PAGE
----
Where to go for help
This content applies to England only.
Housing laws vary between England and Scotland. Get advice relating to Scotland
If you are seeking asylum in the UK you may be entitled to housing and/or money from the Government, depending on your circumstances. This is called asylum support and is usually provided by UK Borders Agency (UKBA).
If someone in your household has a disability or special needs
If you or one of your family has a disability or other circumstances that may affect his or her health or development, you may get extra support from social services – a department of the local council. Social services must always help a child in need.
If you are under 18 and alone in the UK
If you are an unaccompanied minor (ie a child or young person under the age of 18 who is claiming asylum and has no family in the UK) you are legally classed as a child in need and social services must make sure that you are looked after. For younger children, you would be taken into social services care, but after the age of 16 you may be supported to live independently. Social services must then continue to support you until you are 21 years old.
When you turn 18, social services may continue to support you until you are 21 years old, as you are classed as a care leaver.
Rights after an asylum claim has been decided
If your asylum claim is successful, you will have many of the same rights as British citizens. This includes the right to apply for housing benefit, help if you become homeless and council housing. Your rights will depend on what status you have been given (ie refugee status, indefinite leave to remain, humanitarian protection or discretionary leave to remain).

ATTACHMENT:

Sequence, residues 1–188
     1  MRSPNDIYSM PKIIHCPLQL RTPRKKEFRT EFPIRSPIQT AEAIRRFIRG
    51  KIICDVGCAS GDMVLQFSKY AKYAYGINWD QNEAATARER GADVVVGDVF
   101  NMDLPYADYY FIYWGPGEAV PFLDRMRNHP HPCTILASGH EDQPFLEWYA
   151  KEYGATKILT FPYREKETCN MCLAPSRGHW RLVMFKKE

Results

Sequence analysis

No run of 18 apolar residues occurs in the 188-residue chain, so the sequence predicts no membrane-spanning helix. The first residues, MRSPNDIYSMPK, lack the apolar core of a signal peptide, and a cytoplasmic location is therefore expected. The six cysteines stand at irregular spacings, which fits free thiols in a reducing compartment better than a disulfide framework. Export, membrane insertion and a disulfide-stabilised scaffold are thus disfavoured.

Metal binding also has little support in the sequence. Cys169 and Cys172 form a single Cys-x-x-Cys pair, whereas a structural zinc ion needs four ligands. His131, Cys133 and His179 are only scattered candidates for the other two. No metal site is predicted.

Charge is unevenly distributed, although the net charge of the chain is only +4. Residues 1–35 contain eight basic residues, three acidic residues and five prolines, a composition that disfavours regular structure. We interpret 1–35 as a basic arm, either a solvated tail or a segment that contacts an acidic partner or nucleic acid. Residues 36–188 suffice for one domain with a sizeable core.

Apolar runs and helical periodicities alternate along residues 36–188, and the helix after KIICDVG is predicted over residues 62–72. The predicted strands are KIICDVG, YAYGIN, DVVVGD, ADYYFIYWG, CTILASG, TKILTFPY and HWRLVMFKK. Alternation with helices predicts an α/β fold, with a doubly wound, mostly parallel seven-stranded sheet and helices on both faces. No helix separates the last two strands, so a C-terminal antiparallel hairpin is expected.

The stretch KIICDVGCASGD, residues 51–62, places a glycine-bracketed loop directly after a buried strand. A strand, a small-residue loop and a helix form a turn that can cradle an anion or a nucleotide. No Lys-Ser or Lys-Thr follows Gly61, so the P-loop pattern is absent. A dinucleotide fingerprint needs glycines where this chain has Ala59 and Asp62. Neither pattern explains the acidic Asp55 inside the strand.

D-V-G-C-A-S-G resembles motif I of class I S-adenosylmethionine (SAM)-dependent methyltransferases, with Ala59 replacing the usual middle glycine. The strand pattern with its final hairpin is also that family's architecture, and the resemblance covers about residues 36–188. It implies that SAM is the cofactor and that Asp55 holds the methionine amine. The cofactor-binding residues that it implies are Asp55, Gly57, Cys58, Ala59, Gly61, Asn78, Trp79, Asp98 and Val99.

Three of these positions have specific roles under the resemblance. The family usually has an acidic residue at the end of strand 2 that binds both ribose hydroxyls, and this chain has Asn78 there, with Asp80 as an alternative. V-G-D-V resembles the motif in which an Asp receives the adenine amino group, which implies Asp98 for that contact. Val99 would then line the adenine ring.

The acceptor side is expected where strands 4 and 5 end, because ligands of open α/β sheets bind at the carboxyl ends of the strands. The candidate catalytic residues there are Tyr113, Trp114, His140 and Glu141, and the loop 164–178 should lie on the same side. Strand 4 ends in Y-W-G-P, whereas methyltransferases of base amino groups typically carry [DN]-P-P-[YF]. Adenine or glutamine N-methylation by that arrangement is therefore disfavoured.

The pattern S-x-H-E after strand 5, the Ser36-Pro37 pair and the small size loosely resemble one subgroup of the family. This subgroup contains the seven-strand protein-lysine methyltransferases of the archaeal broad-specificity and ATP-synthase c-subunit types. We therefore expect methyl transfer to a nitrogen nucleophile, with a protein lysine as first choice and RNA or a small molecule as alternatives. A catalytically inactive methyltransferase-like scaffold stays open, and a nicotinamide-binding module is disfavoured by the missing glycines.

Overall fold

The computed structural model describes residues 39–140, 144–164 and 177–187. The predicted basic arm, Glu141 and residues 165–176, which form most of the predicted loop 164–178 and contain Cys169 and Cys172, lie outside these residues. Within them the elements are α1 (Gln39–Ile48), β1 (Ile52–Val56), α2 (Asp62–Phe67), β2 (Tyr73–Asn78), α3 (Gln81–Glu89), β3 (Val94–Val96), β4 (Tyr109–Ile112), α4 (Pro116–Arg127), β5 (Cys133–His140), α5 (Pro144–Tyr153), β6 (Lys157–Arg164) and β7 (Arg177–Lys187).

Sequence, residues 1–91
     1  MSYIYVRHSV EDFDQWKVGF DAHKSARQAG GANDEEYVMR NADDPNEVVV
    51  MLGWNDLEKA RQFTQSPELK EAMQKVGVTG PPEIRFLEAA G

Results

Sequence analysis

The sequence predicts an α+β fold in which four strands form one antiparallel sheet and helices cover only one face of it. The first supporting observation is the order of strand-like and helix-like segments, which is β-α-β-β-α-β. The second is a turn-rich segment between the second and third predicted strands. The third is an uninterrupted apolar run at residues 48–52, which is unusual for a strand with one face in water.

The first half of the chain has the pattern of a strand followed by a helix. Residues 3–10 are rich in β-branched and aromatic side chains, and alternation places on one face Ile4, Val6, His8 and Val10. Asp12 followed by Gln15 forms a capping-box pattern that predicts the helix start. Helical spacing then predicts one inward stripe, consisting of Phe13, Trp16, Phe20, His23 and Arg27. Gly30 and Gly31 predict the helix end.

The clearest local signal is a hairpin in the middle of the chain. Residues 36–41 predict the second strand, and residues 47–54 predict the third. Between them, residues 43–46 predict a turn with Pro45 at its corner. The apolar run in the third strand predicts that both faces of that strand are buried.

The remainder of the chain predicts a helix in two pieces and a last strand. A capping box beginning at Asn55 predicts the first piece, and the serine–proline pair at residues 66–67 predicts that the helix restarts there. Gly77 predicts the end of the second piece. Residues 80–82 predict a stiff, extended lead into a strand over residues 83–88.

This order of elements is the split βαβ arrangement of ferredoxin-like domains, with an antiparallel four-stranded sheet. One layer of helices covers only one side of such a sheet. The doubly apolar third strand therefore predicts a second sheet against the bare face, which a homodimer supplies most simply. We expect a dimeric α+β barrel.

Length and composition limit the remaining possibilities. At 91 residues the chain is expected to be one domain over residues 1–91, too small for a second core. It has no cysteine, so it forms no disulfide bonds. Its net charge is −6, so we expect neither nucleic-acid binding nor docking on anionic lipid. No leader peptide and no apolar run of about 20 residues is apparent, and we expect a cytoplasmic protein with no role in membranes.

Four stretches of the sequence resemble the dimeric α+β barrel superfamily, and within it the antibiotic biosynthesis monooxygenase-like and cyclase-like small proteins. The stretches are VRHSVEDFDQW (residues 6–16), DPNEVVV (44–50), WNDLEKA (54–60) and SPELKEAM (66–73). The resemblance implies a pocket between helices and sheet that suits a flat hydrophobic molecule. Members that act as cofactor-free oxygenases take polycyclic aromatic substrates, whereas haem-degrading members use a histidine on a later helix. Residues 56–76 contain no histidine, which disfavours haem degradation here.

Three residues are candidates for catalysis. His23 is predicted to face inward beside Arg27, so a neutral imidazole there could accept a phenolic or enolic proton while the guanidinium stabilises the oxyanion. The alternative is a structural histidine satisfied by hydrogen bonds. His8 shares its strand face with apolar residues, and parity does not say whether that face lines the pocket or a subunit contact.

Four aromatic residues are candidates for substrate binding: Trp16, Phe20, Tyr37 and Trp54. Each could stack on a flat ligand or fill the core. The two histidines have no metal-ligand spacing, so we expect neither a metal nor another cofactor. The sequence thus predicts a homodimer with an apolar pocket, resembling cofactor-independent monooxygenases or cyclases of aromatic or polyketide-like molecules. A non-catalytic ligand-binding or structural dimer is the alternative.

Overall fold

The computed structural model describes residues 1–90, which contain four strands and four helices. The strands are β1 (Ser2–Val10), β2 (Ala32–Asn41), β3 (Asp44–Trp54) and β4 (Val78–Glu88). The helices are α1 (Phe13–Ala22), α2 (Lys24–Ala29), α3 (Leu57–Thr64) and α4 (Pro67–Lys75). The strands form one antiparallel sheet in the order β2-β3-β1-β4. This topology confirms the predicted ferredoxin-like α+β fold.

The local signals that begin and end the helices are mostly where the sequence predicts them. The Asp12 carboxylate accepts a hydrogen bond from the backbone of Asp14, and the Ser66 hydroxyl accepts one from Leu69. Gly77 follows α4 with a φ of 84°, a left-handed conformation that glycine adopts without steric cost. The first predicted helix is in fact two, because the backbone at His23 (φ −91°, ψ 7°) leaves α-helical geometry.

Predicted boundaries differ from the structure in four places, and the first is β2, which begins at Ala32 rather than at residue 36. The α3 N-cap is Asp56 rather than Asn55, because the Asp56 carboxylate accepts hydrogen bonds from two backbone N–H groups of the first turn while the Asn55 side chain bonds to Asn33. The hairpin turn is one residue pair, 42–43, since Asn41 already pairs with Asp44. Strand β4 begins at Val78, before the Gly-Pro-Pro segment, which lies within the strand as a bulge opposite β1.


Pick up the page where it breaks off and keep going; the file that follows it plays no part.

If your asylum claim is refused, you have very limited options.
Health and education services for asylum seekers and refugees
Asylum seekers and refugees are entitled to health care from the National Health Service (NHS) and can see a doctor or receive hospital treatment free of charge. The NHS does make charges for some services, but if you are receiving asylum support you can ask UKBA to give you a form HC2, enabling you to get extra free health services
Your children will have a school place between the ages of 5 and 16, and you must make sure that your child goes to school.
Further help and advice for asylum seekers and refugees
Use our directory to find an adviser in your area or call Shelter's free housing advice helpline on 0808 800 4444. Our advisers can provide interpreting services if you need them, and/or minicom for deaf callers. We can help you find a solicitor if you need one.
Citizens Advice has advice centres around the country, and can help with lots of different problems, including benefits, and debt. Its services are free.
The Housing rights information website provides more information about the rights and options you have if you have recently come to the UK. It also includes information about getting help if you are suffering from domestic abuse or have social care needs.
If you were subjected to torture before you arrived in Britain, you may want to contact the Medical Foundation for the Care of Victims of Torture.
If you need legal advice relating to your asylum claim, you could contact:
Alternatively, if you do not need specialist legal advice, you could contact:
- Asylum Aid
- Asylum Welcome
- Refugee Action
- Refugee Council
- Migrant Helpline
- the European Council on Refugees and Exiles (European network of organisations who work with refugees).